Djeneba Diallo sits inside a flimsy tent where five other members of her family are currently living.

Jeopardising access

To avoid attacks by extremists and other rebel groups, NGOs say they must carefully explain humanitarian principles of independence and neutrality to local communities. But these efforts are being hindered by military actors “using humanitarian interventions to build military acceptance,” said Jamal Mrrouch, head of mission at Médecins Sans Frontières.

MINUSMA’s Quick Impact Projects, for example, include short-term interventions in healthcare, education, and food security among others area, while Operation Barkhane is also involved in a number humanitarian activities.

Aid groups say these efforts to win “hearts and minds” increase the likelihood of association between military forces – who are party to the Mali conflict – and humanitarian actors, leaving staff in the field vulnerable to attacks.

“It causes confusion in people’s minds and can jeopardise our access,” said Hamadou of the NRC.

Further concerns have been raised about MINUSMA and Barkhane using white vehicles that are not clearly identified as military. It is intended as a security measure to avoid attracting attention, but humanitarians, who use the same or similar vehicles, have questioned its legality and the risk it poses to their staff.

“It makes us the same targets,” said Fall. “They should have to identify as military.”

Efforts to keep humanitarian and military actors separate face another challenge in the form of a new concept embraced by donors and the UN known as the “triple nexus”. The concept envisages development, peacemaking, and emergency relief programmes working more closely together.

Harmless enough on paper, in Mali it has encountered strong resistance from some internationals NGOs who do not believe MINUSMA and other military actors should be involved in humanitarian relief and question what peace means for the different parties.

“We have said we cannot accept the triple nexus without defining the peace pillar,” said Fall. “We want to know what it means for humanitarian actors and military actors.”

Shifting conflict

“As humanitarians we must stick to our principles. The only criteria is need.”

While the worst of the violence in Mali was previously in the country’s desert north, today it is concentrated in the centre, where a new, grassroots Islamist insurgency has emerged, triggering cycles of inter-communal and militia violence.

Aid groups say the varying dynamics of conflict in the north and centre are impacting humanitarians differently. In the north, NGOs and their staff are often victims of theft because of the perception they represent a certain degree of material wealth. Since 2017, most have stopped using their own vehicles and instead hire 4x4s from local communities.

“Humanitarians are sources of wealth as they employ staff, contract with suppliers, and so on,” said Franck Vannetelle, Mali country director for the International Rescue Committee.

Banditry is less of a problem in central Mali but local regulations – often motivated by military concerns – are having an impact on humanitarian operations. For example, last year the government announced a ban on motorbikes and pick-up vehicles in certain areas to prevent armed groups from moving freely.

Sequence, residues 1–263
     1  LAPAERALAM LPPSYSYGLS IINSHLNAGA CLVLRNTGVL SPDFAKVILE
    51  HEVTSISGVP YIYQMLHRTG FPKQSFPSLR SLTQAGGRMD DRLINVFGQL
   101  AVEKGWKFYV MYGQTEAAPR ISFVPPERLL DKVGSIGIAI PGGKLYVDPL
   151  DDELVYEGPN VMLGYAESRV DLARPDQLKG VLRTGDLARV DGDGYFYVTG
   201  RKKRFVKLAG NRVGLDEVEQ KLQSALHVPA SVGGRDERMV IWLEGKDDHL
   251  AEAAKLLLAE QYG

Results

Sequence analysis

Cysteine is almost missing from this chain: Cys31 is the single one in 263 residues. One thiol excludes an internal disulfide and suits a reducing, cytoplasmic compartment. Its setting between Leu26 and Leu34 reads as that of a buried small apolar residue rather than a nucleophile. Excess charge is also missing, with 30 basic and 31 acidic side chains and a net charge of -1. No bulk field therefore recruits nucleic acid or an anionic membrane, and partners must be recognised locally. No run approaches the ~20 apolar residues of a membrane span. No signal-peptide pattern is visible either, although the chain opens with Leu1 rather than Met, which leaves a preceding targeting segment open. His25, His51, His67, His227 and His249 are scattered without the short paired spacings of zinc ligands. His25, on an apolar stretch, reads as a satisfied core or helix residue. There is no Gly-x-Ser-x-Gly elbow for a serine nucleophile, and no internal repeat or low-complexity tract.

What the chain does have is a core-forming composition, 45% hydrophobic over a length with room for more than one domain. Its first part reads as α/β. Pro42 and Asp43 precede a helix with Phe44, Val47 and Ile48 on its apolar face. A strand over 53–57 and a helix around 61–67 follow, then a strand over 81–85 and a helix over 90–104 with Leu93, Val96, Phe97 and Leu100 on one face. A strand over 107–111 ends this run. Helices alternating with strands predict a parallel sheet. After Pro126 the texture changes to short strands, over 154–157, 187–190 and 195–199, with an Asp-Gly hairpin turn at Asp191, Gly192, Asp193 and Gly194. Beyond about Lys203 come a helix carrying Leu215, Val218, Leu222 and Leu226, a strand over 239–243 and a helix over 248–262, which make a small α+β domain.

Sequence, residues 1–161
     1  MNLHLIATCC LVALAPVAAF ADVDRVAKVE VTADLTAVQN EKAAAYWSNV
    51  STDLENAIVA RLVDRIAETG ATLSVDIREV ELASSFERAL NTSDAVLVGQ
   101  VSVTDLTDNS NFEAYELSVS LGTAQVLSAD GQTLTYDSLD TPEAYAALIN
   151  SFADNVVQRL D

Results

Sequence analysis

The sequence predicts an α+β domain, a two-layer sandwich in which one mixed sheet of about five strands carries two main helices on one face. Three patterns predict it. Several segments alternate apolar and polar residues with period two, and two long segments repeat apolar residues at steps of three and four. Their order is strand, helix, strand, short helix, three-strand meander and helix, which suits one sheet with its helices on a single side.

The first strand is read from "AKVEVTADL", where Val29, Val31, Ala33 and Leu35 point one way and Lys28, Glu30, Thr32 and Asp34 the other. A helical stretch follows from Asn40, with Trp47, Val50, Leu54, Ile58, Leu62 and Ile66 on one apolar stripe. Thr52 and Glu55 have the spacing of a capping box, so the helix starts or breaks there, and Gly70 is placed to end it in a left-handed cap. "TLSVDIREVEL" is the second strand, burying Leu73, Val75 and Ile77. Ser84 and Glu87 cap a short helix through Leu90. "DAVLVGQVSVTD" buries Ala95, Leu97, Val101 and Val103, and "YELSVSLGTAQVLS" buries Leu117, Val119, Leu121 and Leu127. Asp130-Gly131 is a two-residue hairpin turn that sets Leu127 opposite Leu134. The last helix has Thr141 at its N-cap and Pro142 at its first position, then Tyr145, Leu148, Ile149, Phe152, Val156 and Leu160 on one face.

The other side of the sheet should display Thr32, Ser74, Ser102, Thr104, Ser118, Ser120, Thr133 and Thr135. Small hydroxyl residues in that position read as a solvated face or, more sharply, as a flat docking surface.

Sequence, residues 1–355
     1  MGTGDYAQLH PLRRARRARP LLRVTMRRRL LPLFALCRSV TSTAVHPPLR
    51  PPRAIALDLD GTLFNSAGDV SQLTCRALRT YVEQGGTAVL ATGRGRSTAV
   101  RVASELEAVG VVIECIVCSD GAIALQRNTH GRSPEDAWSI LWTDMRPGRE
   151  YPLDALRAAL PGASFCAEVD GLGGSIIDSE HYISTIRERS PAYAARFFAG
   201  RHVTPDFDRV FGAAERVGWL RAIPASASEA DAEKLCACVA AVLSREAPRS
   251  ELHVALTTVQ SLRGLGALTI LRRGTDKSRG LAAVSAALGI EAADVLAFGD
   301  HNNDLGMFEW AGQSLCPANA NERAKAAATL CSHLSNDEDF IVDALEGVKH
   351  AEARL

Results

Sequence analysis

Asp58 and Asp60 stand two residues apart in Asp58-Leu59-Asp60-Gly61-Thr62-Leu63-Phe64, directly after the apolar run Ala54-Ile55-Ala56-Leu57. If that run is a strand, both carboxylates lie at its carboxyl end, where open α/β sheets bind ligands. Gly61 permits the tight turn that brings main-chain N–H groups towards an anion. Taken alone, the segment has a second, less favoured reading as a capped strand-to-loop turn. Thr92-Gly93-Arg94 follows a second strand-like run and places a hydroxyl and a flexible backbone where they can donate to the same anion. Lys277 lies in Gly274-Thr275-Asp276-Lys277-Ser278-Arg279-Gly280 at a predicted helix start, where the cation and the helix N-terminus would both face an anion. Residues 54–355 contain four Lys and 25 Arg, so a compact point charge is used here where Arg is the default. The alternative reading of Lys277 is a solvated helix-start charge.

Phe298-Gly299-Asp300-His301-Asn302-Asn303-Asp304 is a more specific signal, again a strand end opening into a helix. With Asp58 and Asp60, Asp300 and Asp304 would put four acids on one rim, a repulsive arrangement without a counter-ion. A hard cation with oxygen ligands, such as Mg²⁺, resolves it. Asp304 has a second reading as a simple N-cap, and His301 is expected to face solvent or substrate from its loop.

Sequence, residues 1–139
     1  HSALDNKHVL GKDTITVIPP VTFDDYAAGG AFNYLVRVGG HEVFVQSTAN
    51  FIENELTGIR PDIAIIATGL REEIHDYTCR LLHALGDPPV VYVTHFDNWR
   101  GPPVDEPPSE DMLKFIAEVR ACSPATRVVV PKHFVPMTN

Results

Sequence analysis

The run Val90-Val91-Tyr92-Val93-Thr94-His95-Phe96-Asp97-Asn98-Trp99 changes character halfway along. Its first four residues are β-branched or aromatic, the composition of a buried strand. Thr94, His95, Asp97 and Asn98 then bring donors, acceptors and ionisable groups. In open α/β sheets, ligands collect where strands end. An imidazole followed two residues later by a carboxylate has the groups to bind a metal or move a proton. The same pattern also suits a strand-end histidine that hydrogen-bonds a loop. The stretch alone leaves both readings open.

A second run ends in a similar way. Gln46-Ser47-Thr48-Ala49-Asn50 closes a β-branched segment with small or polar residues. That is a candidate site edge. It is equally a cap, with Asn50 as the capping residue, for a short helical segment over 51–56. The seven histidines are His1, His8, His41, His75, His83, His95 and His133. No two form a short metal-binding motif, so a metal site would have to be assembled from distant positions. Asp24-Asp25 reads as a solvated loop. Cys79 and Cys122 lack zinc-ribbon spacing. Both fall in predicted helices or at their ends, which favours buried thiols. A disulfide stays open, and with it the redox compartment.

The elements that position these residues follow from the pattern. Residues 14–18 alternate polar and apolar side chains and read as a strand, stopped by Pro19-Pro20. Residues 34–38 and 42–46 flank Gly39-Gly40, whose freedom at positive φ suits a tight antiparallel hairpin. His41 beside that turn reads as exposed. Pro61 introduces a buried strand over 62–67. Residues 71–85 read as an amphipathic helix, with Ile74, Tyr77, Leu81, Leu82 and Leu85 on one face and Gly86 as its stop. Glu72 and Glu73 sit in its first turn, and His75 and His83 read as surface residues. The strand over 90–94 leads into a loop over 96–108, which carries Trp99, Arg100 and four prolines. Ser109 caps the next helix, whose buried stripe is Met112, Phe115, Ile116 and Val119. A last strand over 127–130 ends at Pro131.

“This has affected the population reaching health centres, as well as humanitarian actors,” said Mrrouch. “Some villages are only accessible by motorbikes.”

Inter-communal violence between Fulani and Dogon armed groups in the Mopti region of central Mali has also forced NGOs to rethink which staff members they hire and send into the field, and has created access problems when moving from one community to the next, according to NRC’s Hamadou.

“There are some instances where armed people are reluctant when they see you supporting a particular community,” he said. “As humanitarians we must stick to our principles. The only criteria is need.”

Funding concerns

While donors are showing increased interest in central Mali as needs rise, overall funding for the country is “stagnating”, said Paul Reglinski, Mercy Corps deputy country director for programmes.

Mali’s 2018 UN humanitarian response plan was just 54 percent funded. Last November, NRC issued a statement claiming more than 34,000 displaced people were being left without humanitarian assistance. The UN appeal for 2019 is currently just 3.3 percent funded.

“This year we are very worried about the ability to finance the humanitarian response plan,” said Fall.

“It is difficult to find anywhere safe. I have lost hope."

The general feeling is that the bulk of the international community’s money and energy will continue going towards military efforts against extremist groups – to the detriment of aid agencies and the communities they support.

“All of this securitisation, and the daily life of the population doesn’t change,” said Mrrouch.

In areas like Bankass, neither the national army nor the UN peacekeepers nor any other foreign forces appear able to stop the escalation of violence – leaving people like the farmer Guindo, and thousands of others, displaced, dependent on aid, and unsure where to go next.

“It is difficult to find anywhere safe,” Guindo said. “I have lost hope."